When Simon de Montfort took control of the government of England in 1264, he replaced the sheriffs appointed by Henry III. The new sheriffs were relatively obscure and have been little studied. The baronial reform movement raised expectations that sheriffs should be honest, and natives of the counties they governed. De Montfort’s sheriffs largely met these requirements, as their backgrounds and careers demonstrate. Unpublished exchequer records show that they were sometimes surprisingly successful as administrators in a time of disorder. They were men of the knightly class, serving their counties, rather than being ideologically attached to the reform movement.

 

Peering into the future: British Conservative leaders and the problem of national renewal, 1942–5. Robert Crowcroft

This article examines how some key Conservative leaders conceptualized the problem of ‘the future’ in the final stages of the Second World War. It contends that the mental map employed by senior Conservatives for navigating the challenges of post-war national renewal has remained significantly misunderstood. The article conducts a close reading of Conservative positions on a range of issues – from economic modernization and constitutional propriety to geopolitical tensions – and highlights some previously neglected dimensions to domestic political debate. It concludes that the arguments developed by Conservative leaders were more sophisticated and coherent than has often been recognized.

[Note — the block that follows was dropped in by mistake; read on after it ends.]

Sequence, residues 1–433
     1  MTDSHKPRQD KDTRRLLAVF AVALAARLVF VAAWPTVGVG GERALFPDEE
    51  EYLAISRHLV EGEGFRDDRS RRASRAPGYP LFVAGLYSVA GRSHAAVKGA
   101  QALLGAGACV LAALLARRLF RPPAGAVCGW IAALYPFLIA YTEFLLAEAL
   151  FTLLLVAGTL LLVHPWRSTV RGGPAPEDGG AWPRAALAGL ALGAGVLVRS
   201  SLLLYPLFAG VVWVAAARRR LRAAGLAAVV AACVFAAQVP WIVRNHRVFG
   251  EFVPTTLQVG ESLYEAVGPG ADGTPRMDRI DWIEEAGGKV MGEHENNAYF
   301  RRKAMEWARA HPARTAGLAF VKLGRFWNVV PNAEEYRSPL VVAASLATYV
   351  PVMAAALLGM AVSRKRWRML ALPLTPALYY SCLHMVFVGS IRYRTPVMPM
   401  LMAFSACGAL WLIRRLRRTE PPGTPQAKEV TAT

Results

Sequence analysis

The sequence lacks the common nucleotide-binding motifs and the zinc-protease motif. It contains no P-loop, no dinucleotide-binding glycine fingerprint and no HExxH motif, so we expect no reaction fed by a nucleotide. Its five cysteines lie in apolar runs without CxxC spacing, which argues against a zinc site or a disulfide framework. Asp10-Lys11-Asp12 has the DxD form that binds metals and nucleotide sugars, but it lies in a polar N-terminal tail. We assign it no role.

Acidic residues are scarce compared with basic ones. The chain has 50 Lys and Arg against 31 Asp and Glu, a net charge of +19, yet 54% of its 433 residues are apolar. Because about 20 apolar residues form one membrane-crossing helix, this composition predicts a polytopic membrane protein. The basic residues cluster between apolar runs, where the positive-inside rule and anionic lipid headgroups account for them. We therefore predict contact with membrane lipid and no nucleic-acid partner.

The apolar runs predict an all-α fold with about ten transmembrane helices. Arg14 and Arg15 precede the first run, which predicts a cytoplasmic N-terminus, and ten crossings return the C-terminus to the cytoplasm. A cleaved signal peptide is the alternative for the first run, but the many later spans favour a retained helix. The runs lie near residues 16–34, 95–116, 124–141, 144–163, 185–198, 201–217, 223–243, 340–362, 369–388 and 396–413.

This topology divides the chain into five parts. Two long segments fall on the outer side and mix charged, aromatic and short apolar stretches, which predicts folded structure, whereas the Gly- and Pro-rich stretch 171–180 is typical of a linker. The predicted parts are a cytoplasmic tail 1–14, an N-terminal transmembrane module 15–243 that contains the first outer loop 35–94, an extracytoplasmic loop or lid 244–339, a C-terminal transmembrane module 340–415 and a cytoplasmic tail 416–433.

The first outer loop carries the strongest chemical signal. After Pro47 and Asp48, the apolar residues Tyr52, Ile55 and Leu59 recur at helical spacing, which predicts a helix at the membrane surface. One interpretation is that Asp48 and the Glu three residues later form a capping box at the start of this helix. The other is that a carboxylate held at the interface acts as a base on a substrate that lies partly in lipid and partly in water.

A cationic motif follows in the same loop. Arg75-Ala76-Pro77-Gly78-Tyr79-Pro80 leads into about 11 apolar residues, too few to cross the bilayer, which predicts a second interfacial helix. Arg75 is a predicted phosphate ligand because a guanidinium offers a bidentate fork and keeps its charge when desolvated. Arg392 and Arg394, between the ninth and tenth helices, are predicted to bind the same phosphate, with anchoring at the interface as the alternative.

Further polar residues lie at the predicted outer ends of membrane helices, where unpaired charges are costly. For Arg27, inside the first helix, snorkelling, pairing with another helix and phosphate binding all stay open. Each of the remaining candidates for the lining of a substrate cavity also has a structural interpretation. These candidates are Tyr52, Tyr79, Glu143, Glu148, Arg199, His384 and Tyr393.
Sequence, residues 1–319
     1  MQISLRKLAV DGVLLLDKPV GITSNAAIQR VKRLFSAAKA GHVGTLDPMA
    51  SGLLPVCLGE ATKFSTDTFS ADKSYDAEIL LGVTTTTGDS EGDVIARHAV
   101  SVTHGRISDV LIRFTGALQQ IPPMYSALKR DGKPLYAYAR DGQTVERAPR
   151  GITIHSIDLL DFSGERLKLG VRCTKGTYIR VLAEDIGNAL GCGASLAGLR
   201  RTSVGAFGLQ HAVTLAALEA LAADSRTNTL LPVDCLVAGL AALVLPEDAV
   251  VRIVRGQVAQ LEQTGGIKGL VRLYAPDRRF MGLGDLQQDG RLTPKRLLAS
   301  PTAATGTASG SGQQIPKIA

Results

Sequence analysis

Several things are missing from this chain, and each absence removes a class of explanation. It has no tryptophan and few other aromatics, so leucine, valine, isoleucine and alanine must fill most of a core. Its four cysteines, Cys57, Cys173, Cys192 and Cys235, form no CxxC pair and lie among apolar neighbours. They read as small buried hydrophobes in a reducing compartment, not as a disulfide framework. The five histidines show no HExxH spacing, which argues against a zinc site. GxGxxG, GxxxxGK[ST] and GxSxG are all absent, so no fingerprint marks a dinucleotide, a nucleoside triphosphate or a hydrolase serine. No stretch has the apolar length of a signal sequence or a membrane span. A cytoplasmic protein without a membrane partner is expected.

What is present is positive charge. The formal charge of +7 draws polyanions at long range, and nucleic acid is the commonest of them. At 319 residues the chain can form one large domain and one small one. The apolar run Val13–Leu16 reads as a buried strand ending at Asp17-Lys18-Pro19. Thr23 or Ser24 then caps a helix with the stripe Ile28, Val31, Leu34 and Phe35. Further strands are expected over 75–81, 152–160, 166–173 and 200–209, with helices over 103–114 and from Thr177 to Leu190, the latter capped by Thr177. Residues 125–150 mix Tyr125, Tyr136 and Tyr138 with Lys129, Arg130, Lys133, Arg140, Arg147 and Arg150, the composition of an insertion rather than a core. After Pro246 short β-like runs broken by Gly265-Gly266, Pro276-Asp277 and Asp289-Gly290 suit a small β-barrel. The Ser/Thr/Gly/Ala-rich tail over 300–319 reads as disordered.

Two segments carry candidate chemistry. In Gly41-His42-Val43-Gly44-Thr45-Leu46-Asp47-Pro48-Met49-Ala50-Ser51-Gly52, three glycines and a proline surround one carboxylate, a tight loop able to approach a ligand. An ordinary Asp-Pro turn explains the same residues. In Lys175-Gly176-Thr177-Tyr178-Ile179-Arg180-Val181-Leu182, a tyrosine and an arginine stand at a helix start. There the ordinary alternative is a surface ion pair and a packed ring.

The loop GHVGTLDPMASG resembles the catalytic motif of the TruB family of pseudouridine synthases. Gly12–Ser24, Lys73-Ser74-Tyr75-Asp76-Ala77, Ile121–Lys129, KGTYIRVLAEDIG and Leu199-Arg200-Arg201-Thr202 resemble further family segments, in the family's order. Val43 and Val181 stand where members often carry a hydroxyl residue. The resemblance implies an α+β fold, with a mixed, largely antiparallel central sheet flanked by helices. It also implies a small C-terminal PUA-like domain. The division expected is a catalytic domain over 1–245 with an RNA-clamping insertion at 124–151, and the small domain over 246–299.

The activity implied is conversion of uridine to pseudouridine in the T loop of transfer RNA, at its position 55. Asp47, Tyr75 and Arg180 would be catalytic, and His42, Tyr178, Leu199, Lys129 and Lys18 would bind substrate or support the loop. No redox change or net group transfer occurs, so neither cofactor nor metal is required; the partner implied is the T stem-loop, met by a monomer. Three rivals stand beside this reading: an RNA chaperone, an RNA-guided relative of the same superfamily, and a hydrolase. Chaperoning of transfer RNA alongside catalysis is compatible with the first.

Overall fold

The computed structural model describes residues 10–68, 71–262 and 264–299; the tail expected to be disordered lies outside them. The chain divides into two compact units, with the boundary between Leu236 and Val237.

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Royal Historical Society Alexander Prize

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Congratulations to Felicity Hill whose Historical Research article  ‘Magna Carta, canon law and pastoral care: excommunication and the church’s publication of the charter’ (Historical Research, lxxxix (2016)), was selected as runner up in the Royal Historical Society’s prestigious Alexander Prize for 2017.

The judges commented: “This article impressed the judges by offering a fresh perspective on a much studied subject: Magna Carta. The author does this by connecting two aspects of thirteenth-century history that have usually been treated separately: efforts to promulgate the definitive 1225 text of the Charter, and the Church’s concern to improve pastoral care. In particular, she argues that the inclusion of a sanction of general excommunication on breakers of Magna Carta and the Forest Charter, especially after this sanction was given written form in 1253, meant that the clergy were obliged to publicize the sentence, together with the charters, so that parishioners would avoid incurring the resulting spiritual penalties. Thus the Church’s duty of pastoral care contributed to the dissemination of political awareness. Clearly and cogently argued, firmly grounded in the primary sources, especially canon law, and engaging critically with a wide range of secondary literature in several languages, the article makes an original and significant contribution to scholarship, and the judges warmly recommend that it be selected as proxime accessit.”